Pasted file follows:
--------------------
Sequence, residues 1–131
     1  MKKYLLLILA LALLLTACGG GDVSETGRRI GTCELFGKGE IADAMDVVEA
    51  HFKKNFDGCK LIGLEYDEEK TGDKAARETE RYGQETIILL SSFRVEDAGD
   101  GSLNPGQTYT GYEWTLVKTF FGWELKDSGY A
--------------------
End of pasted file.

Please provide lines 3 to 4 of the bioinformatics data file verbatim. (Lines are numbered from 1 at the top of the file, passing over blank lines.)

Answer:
    51  HFKKNFDGCK LIGLEYDEEK TGDKAARETE RYGQETIILL SSFRVEDAGD
   101  GSLNPGQTYT GYEWTLVKTF FGWELKDSGY A